Reading Lately – June 2019

June has been a unusual month for me in that I’ve probably spent more time watching TV and movies than I have on reading. What sort of sacrilege is this?  you may well ask book lovers – in my defence, there has been some very good TV on offer lately (more on this in my next instalment of Little Loves, next week). I’ve also been a bit distracted, with a head full of end-of-term activities and preparations for my eldest son’s transition to secondary school after the summer holidays. I’ve still managed to read a few lovely books in the moments when my mind hasn’t been otherwise occupied, though. So sit back, grab a cuppa and let me tell you about my bookish wanderings in June.


First up for the month was Listening to the Animals: Becoming The Supervet. This is a wonderful book for animal lovers everywhere – and it’s also an optimistic read about the nature of human beings, too. Charting the life of Professor Noel Fitzpatrick from early days on the family farm in Ireland to world-renowned pioneer of his ‘one medicine’ approach to treating humans and animals, it’s a heart rending tale of struggle and vision. The chapters on Noel’s relentless experience of childhood bullying will have you reeling with a sense of injustice, and the sections on his parents – his beloved ‘Mammy and Daddy’ – will have you in tears. Most of all though, the chapters devoted to the animals in his life – and the lives he has enhanced through treatment – will have you feeling optimistic about the future. If you need a book to remind you that there are still good people in the world, read this and be inspired.

Becoming the Supervet Book

My second book for June – and a must for all Eleanor Oliphant fans – was The Cactus, by Sarah Haywood. This book follows a similarly unlikely heroine, Susan, a prickly 40-something woman who likes her predictable life exactly as it is. But when her mother dies, and she finds herself facing a rather unexpected life change, things go a bit awry.  If you like books like The Rosie Project and A Man Called Ove (the best of the ‘unexpected hero’ sub-genre, IMO), I think you’ll enjoy it. It’s one of those books to curl up with on a rainy day and swallow whole.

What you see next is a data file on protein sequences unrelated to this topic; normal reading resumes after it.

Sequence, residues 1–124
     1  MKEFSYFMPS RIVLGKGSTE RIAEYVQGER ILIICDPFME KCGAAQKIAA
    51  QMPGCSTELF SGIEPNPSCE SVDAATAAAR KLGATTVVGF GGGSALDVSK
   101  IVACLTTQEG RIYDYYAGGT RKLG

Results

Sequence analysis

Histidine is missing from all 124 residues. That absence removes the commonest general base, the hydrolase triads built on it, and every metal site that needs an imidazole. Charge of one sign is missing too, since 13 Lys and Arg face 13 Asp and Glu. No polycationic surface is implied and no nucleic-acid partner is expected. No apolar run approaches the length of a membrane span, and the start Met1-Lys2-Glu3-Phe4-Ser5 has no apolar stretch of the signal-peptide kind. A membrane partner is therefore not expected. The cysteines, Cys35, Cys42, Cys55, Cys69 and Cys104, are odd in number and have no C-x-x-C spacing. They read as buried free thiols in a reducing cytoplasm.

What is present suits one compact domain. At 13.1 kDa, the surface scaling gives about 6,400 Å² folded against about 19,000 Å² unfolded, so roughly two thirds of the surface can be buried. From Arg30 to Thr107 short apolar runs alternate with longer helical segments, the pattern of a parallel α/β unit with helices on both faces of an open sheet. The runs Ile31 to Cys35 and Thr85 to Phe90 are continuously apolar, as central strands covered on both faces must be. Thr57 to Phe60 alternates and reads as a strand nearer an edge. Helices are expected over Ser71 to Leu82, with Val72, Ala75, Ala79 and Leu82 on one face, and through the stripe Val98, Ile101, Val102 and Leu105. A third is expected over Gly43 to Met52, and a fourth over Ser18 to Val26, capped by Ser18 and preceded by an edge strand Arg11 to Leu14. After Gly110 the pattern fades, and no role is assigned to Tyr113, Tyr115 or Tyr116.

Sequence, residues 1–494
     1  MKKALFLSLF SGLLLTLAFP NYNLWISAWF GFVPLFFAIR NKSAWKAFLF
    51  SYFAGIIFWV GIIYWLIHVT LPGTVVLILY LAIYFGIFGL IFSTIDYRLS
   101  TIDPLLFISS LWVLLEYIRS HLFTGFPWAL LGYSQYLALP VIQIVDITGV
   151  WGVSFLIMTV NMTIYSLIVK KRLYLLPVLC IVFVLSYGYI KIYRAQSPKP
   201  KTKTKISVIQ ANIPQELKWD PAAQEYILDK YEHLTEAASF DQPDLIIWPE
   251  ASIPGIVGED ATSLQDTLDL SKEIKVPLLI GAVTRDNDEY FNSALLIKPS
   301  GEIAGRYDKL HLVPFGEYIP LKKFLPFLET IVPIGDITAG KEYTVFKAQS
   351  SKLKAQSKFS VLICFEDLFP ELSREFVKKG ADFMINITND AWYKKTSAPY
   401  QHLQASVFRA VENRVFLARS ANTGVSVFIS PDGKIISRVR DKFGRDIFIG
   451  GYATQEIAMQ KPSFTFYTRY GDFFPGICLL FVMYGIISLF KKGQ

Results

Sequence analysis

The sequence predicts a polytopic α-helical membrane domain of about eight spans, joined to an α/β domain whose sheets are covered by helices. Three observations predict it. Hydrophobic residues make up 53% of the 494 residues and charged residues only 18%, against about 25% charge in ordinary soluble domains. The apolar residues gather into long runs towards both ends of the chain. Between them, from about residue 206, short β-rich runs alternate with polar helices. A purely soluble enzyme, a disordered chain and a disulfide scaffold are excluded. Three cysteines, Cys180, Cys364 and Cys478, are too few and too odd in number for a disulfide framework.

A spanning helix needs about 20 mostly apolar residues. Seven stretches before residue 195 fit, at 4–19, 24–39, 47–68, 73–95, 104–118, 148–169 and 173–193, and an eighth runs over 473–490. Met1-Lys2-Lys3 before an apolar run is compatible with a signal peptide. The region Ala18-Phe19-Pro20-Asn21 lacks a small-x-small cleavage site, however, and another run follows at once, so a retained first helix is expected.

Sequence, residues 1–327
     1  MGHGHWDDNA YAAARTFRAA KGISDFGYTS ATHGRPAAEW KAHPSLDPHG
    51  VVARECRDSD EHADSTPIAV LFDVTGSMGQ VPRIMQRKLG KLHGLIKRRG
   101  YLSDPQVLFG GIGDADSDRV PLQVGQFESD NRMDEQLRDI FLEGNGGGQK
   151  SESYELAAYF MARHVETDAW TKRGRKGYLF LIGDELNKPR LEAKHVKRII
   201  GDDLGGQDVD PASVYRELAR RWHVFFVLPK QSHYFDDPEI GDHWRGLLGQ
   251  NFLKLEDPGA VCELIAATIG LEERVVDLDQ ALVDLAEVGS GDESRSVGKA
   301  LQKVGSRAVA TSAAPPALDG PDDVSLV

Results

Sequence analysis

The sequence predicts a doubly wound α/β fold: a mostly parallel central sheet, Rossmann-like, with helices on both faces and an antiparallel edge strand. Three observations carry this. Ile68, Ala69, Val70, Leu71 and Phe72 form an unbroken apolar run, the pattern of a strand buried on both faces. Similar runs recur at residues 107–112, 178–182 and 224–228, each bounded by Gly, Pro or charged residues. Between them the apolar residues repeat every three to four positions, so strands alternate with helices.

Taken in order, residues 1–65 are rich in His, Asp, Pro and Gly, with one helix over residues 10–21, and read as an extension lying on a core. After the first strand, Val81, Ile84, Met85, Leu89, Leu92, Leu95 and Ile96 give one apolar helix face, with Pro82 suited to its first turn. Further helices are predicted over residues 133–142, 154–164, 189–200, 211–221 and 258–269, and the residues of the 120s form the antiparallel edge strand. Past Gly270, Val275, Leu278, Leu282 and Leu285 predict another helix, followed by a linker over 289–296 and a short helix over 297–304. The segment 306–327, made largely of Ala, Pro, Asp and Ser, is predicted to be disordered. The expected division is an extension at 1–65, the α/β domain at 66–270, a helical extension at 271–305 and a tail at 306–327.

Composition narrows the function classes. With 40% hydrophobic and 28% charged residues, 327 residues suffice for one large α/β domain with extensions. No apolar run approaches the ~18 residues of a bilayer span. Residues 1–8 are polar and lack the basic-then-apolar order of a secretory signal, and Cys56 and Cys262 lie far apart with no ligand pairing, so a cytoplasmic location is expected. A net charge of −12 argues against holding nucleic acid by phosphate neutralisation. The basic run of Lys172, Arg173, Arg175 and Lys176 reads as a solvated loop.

The Cactus by Sarah Haywood

Third up was A Court of Wings and Ruin, by Sarah J. Maas, the final instalment in the Court of Thorns and Roses trilogy. I was a huge fan of the first two books in this series, but I have to admit that for some strange reason I struggled here. There was a lot going on, and more characters than I felt I could feasibly keep up with (which probably says more about my own current mental capacity than the book itself – see first paragraph). But Ms Mass’s writing sparkles and glitters as always.  Verdict: the bookish equivalent of ‘it’s not you, it’s me.’

A Court of Wings and Ruin by Sarah J. Maas

My fourth and final read for the month was By the Sea by Dr Deborah Cracknell, a lovely little book to dip in and out of. The basic premise of the book is that all the physical, mental and emotional benefits we naturally associate with being in or near the ocean are absolutely real. What’s more, there’s plenty of science here to back up that instinctive sense of the sea as powerfully restorative. It made me want to dive right in to my local ‘blue gym’ on another one of my sea dips. And also, might explain why so many of us find ourselves inexplicably drawn to the colour blue!

By The Sea Book by Dr Deborah Cracknell

So, that’s it for another bookish round up. I’ll be back later in the summer – hopefully with a less cluttered, more focused reading eye. In the meantime, I’d like to wish you a fantastic start to the holiday reading season. What’s on your to-read list as we race towards July?



*This post contains Amazon affiliate links which means I will receive a small commission should you choose to purchase via them.

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Reading Lately June 2019